Yes, and he had unusually broad tastes when it came to prey. Famed for his love of shooting lions and catching marlin, he also shot 44 hyenas “for amusement” on one of his trips to Africa. And, though he never enlisted, he spent the Second World War hunting Nazis from a boat equipped with high-tech navigation equipment, a machinegun and a box of grenades. He used to practise sinking German U-boats by throwing the grenades at turtles.
So he didn’t care much for animals?
Quite the opposite. According to a 1950 profile in The New Yorker, he once lived with a bear in Montana, and the bear “slept with him, got drunk with him, and was a close friend”. He also loved cats: he had more than 50 of them. He taught three of them to “make a pyramid like lions”, and another to drink whisky and milk with him. But in his own words, “even that doesn’t take the place of a wife and family”.
That’s kind of sad
Yes, it wasn’t all glamour and fun. Which may be why, 60 years ago this week, he shot himself in the head. Hemingway’s life story was far from a fairytale. But, as he once said: “If it is all beautiful you can’t believe it. Things aren’t that way.”
What’s happened to his literary reputation?
Hemingway’s books are defined by his allergy to adjectives, and the spare, muscular style of novels such as The Sun Also Rises, A Farewell to Arms and The Old Man and the Sea remains hugely influential. American author Tobias Wolff says that for writers, Hemingway “changed all the furniture in the room, and we all have to sit in it”, such was the impact of his work on “the American declarative sentence”. And according to literary critic Amanda Vaill, “people have been copying him for nearly 100 years”, although no one has quite nailed his terse style.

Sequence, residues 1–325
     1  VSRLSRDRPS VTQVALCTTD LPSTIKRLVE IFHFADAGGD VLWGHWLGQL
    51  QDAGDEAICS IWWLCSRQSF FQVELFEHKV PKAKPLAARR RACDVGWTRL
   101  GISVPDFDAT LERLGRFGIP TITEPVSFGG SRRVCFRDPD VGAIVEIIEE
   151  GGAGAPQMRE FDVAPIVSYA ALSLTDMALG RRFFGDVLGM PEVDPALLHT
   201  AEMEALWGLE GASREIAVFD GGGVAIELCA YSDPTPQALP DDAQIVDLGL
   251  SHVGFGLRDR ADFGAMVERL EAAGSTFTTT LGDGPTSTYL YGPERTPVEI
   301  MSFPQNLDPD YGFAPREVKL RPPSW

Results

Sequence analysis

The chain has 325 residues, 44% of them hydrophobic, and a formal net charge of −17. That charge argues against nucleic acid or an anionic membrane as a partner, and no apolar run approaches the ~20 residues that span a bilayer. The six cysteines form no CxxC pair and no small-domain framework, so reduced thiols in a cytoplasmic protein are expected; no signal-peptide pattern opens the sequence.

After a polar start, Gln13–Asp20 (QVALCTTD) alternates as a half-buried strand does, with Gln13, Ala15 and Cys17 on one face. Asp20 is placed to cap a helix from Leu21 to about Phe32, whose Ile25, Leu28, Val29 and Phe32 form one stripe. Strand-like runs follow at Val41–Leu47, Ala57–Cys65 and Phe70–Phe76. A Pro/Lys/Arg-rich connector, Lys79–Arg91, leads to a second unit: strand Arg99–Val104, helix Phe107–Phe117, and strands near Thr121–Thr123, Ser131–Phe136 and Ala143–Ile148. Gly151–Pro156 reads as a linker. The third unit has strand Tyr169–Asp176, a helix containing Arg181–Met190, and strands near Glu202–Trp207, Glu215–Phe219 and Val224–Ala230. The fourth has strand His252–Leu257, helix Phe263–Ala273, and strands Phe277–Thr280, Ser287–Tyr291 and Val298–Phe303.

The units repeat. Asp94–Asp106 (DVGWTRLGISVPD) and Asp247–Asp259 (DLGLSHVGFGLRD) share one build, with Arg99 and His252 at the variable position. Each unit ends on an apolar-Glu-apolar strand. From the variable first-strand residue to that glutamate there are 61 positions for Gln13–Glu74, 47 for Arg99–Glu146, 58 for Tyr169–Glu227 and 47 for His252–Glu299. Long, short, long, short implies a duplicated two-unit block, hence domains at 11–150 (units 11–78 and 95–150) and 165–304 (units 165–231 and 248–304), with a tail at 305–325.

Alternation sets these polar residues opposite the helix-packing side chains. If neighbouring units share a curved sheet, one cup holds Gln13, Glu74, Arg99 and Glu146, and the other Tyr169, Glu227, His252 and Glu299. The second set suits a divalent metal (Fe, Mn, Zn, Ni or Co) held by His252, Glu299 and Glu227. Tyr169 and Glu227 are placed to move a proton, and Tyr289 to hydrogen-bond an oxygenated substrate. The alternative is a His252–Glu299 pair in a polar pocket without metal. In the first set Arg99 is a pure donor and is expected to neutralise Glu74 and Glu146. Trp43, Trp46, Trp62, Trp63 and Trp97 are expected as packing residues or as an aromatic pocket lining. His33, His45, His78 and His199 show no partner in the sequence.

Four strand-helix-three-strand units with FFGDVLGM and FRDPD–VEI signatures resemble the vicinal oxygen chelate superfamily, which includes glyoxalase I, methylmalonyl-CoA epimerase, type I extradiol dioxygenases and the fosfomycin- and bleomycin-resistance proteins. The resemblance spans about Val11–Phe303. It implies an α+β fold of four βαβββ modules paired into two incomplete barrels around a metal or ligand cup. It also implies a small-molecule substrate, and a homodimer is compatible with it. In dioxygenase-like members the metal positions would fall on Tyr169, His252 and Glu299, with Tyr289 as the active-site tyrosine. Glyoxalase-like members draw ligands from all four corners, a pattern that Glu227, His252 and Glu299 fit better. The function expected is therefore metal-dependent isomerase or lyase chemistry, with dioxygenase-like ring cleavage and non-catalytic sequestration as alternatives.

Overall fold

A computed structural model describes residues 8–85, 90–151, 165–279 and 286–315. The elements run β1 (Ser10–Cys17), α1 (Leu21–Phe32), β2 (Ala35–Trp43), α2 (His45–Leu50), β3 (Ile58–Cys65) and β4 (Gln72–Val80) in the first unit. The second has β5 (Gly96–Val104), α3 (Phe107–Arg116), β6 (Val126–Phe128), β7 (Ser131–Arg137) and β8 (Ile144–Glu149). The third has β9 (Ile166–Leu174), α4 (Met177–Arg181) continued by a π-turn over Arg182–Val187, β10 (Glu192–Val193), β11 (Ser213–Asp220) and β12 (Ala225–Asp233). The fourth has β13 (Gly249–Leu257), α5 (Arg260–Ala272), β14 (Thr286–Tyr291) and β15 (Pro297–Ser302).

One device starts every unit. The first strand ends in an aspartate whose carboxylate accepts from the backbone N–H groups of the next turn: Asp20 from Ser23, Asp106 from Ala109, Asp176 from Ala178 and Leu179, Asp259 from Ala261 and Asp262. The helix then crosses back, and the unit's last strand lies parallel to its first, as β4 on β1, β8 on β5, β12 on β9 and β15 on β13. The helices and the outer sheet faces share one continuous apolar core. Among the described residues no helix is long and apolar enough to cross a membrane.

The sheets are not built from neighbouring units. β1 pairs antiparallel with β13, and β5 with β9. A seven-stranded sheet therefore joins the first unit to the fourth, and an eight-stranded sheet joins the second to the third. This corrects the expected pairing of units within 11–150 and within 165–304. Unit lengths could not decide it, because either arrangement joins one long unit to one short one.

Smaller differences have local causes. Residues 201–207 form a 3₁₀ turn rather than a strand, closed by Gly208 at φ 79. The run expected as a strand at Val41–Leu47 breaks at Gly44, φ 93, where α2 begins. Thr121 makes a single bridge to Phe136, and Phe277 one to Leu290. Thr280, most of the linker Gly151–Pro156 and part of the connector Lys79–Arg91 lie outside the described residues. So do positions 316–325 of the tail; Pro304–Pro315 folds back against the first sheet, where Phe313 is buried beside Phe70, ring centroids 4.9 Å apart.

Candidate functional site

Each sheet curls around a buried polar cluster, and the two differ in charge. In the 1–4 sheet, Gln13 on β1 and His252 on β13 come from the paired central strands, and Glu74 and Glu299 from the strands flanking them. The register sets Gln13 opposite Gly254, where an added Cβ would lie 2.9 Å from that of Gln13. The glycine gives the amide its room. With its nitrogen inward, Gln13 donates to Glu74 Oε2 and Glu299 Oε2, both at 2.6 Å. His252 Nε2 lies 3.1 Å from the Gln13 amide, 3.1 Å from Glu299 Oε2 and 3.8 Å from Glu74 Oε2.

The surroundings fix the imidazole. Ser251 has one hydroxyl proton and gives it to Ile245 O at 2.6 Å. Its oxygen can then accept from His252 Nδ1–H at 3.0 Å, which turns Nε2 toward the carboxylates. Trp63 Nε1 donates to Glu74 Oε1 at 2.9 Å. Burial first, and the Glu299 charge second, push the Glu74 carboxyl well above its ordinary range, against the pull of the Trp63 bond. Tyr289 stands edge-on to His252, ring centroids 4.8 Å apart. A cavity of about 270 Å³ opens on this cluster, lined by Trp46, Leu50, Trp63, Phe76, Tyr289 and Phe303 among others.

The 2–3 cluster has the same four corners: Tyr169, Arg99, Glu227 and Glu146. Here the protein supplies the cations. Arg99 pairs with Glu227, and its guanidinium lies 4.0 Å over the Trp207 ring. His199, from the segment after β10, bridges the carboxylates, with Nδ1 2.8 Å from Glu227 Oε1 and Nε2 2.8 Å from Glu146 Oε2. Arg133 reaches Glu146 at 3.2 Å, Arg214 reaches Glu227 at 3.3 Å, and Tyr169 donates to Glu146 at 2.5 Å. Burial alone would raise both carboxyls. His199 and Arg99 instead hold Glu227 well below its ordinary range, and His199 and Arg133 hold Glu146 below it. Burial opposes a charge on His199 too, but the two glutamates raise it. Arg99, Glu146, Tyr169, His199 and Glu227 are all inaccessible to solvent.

🍾 Hemingway is almost as famous for his alcohol consumption as he is for writing novels. His bons mots on booze include “If I have any money, I can’t think of any better way of spending money than on champagne”, and “I drink to make other people more interesting”.
🦘 Hemingway was part kangaroo. When he broke his arm in a car crash, the doctor looking after him bound his bone together with kangaroo tendon. It was a common (ish) medical procedure at the time.
🕵🏻♂️ According to documents obtained by the authors of Yale University Press’s Spies: The Rise and Fall of the KGB in America, Hemingway was recruited by the Russians in 1941, though he never actually provided any useful information. He was put on the FBI’s surveillance list in the 1940s by J Edgar Hoover.
🔬🍆 In 1920s Paris, Hemingway recalls in A Moveable Feast, he was drinking with F Scott Fitzgerald at Michaud’s, a chichi brasserie, when Fitzgerald made a confession. His wife, Zelda, had said the way he was “built” could “never make any woman happy”, adding that it was “a matter of measurements”. Hemingway invited him to the gents (“Le water”) and had a look. “You’re perfectly fine,” he told Fitzgerald. “There’s nothing wrong with you… Go over to the Louvre and look at the people in the statues.” Those statues may not be accurate, Fitzgerald objected. “They are pretty good,” said Hemingway. “Most people would settle for them.”
👨👩👧👧 Hemingway had four wives and three sons – one by his first wife, Hadley Richardson, and two by his second, Pauline Pfeiffer. His youngest son, born Gregory, partially transitioned later in life, taking the name Gloria. His granddaughter Margaux Hemingway, a supermodel and actress, was one of seven members of the family to commit suicide, overdosing in 1996.